Whereas the old image emphasised the word Wagyu, the new logo focuses on the Japanese origins of the beef. While countries such as Australia and the US have their own varieties of the meat, only Japanese Wagyu is the authentic kind, said the Council.
“In the EU market, Wagyu beef from other countries outside Japan has already established its presence before Japan started the export of Japanese Wagyu,” Masahiko Suneya, secretary general of Japan Livestock Products Export Promotion Council, told GlobalMeatNews. Japan has been exporting into the EU for three years now and, while the first two years went well, the third has seen sales of the product plateau.
“The word Wagyu originally means ‘Japanese Beef’,” added Suneya. “However, the term Wagyu is now used by suppliers from many other countries in order to give a premium impression for consumers that actual Japanese genuine high-quality Wagyu possesses. Therefore, we think if we keep on using the logo that emphasis ‘Wagyu’, it is difficult for suppliers and consumers to differentiate between authentic Japanese Wagyu and other Wagyu from foreign countries. That’s why we decided to use the new logo that emphasises ‘Japan’.”
Wagyu beef’s creamy texture
There are three main features that make Wagyu different from other breeds of cattle, according to Suneya. They are: white marbling that comes from the caring method in which the cow is raised; a tender and creamy texture (since many unsaturated fatty acids are included and the melting point is low, it melts with human temperature); and a rich, sweet aroma that is exposed when the meat is heated.
Moving forward, the Japan Livestock Product Export Promotion Council aims to find new markets, as well as the existing ones it has in the EU. Targeting high-end restaurants and retailers, the Council hopes to position Wagyu among other premium products such as caviar and foie gras.
“The typical way to enjoy Japanese Wagyu is Japanese dishes such as sukiyaki and shabu-shabu, which is made with thinly sliced Wagyu beef, or yakiniku with thicker slices,” explained Suneya.
“You can enjoy the rich taste and fine texture of Wagyu beef with those recipes and they are popular dishes in Japanese restaurants that uses Japanese Wagyu.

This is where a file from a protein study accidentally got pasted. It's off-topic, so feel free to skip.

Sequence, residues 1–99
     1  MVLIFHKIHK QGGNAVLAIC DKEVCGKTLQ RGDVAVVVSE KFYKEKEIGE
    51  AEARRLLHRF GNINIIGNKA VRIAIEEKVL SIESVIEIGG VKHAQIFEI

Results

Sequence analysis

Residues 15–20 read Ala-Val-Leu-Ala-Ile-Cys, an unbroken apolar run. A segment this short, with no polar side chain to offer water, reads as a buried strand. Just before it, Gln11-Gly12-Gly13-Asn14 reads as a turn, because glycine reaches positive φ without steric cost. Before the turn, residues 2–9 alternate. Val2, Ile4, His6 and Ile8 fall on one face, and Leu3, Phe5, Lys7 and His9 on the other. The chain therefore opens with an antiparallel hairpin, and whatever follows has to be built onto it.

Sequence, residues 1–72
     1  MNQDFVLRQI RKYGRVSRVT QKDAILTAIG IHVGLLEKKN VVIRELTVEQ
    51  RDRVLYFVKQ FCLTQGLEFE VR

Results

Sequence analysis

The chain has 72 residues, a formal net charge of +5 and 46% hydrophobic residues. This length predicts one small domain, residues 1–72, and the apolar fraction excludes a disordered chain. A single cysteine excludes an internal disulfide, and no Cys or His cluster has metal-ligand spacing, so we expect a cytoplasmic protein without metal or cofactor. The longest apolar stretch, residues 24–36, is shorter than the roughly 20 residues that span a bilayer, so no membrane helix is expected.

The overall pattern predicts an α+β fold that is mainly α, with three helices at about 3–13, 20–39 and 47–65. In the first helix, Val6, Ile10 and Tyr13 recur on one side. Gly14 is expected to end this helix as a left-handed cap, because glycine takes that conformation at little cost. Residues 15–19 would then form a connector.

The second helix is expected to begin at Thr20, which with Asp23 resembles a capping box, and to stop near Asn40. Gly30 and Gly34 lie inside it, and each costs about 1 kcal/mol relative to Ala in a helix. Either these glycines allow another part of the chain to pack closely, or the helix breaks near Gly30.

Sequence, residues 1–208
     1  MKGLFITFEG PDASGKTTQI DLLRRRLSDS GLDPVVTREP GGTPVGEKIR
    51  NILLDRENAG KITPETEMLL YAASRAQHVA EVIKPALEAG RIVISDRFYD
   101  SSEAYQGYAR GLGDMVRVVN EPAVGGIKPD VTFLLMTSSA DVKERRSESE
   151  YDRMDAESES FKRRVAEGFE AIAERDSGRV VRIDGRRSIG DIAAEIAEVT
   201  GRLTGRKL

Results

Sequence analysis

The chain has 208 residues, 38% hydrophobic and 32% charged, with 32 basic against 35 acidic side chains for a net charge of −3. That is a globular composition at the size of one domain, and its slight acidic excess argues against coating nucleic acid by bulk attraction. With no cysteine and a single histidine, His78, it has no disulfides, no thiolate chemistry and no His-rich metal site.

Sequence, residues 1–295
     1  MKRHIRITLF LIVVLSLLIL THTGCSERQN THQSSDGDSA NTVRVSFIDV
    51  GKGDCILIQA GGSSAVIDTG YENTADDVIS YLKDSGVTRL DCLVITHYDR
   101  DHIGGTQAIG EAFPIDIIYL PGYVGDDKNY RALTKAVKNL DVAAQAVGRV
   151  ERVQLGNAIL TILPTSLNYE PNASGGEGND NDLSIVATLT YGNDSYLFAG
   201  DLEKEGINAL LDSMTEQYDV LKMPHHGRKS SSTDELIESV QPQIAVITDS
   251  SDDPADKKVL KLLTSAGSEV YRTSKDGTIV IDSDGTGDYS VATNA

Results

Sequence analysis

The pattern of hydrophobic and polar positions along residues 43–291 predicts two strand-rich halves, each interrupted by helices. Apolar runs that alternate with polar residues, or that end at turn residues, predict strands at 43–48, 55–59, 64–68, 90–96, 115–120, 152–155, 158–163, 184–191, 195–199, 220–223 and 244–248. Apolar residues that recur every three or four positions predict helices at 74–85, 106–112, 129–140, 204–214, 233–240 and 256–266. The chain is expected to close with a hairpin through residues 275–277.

“However, since the export of Japanese Wagyu became popular, many chefs in hotels and restaurants around the world have been inventing their own way of cooking [it], providing a whole new perspective for the attraction of Japanese Wagyu,” commented Suneya.
“Therefore, we believe Japanese Wagyu has tremendous potential for many styles of cooking.”
To promote the beef, the Japan Livestock Products Export Promotion Council has been creating a presence for itself at European exhibitions such as The Restaurant Show in London, UK, last week and, more recently, at Anuga, Cologne, Germany this week.
What makes Japanese Wagyu a premium product?
- The pedigree registration system that has been maintaining Japanese original breeds and improving over 100 years has given the species a sought-after flavour and texture
- Wagyu calves are treated with care up to 20 months of age, longer than other Wagyu from different countries
- A unique feeding system: the animals are reared on nutritious food such as corn, soybeans and wheat, plus a high-quality rice/straw combination
- A unique Japanese grading system, as well as traceability system (all cattle carry a 10-digit individual ID number), both authorised by the government, which enable Japanese Wagyu to standardise and stabilise its quality
- In addition to all the costs to achieve the above, the production scale of Japanese Wagyu is much smaller than the US (approximately 1/50).